Doximity: A Mobile Facebook for Doctors, but With Real Privacy Protections
LinkedIn founder and CEO Reid Hoffman likes to say that in the world of social media, Facebook is the backyard barbeque, MySpace is the dark nightclub, and LinkedIn is the office. To continue the metaphor, Twitter is the corner soapbox—and Doximity, a new social networking tool for physicians, wants to be the hospital.
Or so says Jeff Tangney, founder and CEO of the San Mateo, CA-based startup, which raised $10.8 million in Series A funding this spring from Emergence Capital Partners and Interwest Partners. Tangney was the longtime president and chief operating officer at Epocrates (NASDAQ: EPOC), the provider of mobile drug reference tools that raised $86 million in a February IPO. And Doximity is what Epocrates probably would have been if smartphones had existed in 1999, when Tangney started the company: a combination medical directory, list maker, and secure messaging tool that runs on any iPhone or Android phone. He says the service is designed to help overcome the information barriers that currently make it difficult for doctors in different practices or hospitals to communicate about patient care.
“The goal we were trying to solve for doctors with Epocrates was the problem with medication errors,” Tangney told me recently. “No one can keep in their head all 3,000 drugs and how they interact with each other. ‘My peripheral brain’ was how one doc described it. In leaving Epocrates after being there for 10 years and getting the itch to do something entrepreneurial again, my physician friends and I saw that there is this next big problem in healthcare that can be solved by these super-connected devices like the iPhone, and that is the communication problem.”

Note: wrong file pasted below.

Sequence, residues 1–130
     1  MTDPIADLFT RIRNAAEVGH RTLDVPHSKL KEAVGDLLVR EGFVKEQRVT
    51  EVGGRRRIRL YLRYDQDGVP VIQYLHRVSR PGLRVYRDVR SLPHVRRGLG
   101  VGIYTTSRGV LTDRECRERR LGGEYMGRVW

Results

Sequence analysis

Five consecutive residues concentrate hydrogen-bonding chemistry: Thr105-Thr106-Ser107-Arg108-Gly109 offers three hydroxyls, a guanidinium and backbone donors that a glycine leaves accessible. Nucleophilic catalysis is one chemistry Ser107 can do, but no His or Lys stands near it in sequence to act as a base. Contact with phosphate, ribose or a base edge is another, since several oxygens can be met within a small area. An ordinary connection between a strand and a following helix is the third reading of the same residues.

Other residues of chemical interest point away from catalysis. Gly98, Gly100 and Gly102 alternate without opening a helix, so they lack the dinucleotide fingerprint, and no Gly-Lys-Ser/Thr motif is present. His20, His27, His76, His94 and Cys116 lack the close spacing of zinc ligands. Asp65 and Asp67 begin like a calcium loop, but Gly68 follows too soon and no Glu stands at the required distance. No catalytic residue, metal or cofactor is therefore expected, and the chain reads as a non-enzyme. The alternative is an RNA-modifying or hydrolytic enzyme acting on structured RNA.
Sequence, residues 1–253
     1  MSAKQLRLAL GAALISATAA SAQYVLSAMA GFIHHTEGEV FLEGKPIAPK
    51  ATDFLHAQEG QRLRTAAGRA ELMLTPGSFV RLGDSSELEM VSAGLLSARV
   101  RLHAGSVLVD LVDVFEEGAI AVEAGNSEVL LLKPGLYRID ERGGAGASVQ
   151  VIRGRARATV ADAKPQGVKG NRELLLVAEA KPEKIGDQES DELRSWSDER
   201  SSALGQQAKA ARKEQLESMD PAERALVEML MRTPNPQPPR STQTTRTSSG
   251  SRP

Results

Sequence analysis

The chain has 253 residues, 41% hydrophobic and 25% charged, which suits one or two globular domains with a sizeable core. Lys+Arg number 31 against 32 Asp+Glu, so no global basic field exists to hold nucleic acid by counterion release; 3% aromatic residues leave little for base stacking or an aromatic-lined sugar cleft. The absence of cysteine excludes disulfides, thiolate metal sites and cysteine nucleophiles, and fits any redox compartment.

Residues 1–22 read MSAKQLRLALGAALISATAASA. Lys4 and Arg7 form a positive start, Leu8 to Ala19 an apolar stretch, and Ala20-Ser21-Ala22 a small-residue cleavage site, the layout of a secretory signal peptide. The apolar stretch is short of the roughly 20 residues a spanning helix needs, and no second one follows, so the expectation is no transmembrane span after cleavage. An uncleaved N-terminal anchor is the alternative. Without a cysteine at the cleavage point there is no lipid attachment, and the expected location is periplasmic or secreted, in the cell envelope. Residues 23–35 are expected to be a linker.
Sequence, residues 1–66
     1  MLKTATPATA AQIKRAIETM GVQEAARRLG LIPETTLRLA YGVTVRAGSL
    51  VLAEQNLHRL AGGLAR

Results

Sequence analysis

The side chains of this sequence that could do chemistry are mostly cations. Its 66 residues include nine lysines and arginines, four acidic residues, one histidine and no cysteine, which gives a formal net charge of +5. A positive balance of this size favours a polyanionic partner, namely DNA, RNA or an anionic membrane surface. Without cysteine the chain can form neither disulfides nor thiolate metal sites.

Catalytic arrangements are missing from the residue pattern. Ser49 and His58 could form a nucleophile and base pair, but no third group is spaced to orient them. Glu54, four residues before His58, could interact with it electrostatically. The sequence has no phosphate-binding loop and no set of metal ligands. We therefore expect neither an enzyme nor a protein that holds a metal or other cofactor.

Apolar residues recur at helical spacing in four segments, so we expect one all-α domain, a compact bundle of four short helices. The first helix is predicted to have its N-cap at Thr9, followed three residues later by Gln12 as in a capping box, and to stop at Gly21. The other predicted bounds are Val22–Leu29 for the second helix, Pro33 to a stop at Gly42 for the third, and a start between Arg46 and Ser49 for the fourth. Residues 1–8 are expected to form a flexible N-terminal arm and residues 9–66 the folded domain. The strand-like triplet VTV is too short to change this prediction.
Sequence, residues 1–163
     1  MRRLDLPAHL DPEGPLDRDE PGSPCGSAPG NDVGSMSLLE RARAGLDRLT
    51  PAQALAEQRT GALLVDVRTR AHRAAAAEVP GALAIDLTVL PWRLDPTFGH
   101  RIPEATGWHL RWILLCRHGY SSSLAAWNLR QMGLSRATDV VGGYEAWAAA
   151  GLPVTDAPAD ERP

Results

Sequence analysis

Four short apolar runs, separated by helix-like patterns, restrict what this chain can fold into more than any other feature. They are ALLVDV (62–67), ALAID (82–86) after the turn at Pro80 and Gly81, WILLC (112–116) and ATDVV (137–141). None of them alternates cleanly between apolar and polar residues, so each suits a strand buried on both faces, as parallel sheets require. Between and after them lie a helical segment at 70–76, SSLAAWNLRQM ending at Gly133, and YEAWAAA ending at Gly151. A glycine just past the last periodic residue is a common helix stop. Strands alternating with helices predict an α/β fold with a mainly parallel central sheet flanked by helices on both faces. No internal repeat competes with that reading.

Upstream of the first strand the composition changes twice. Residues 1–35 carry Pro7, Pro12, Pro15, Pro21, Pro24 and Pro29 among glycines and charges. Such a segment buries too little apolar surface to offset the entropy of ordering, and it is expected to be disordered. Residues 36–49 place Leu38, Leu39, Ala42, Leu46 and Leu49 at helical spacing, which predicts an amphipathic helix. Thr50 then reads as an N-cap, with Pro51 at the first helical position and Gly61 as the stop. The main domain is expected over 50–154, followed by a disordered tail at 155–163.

The average primary care physician in the United States refers patients to 250 different specialists at 117 different practices and hospitals in a given year, according to Tangney. “Keeping in touch with all those specialists is very difficult,” he says. “I would argue that you need a LinkedIn-style directory and a way that you can securely send e-mail to other doctors. Unfortunately, many of the electronic medical record systems out there are very siloed.” To get his son’s medical records from Stanford Hospital to the Palo Alto Medical Foundation less than a mile away, for example, the documents had to be printed out and faxed, even though both organizations use the same electronic health record system, Tangney says. “So I don’t think you can rely on the corporate level to make this work.”
On the up side, nearly 80 percent of U.S. physicians own a smartphone, according to Manhattan Research (and 30 percent already have an iPad). That gives them a platform for bypassing the existing IT infrastructure in their practices or hospitals and communicating with one another directly. All they need is messaging software that complies with the federal health privacy guidelines known as HIPAA—which Doximity does, according to Tangney.
Here’s a video overview of Doximity from Tangney; story continues after video.
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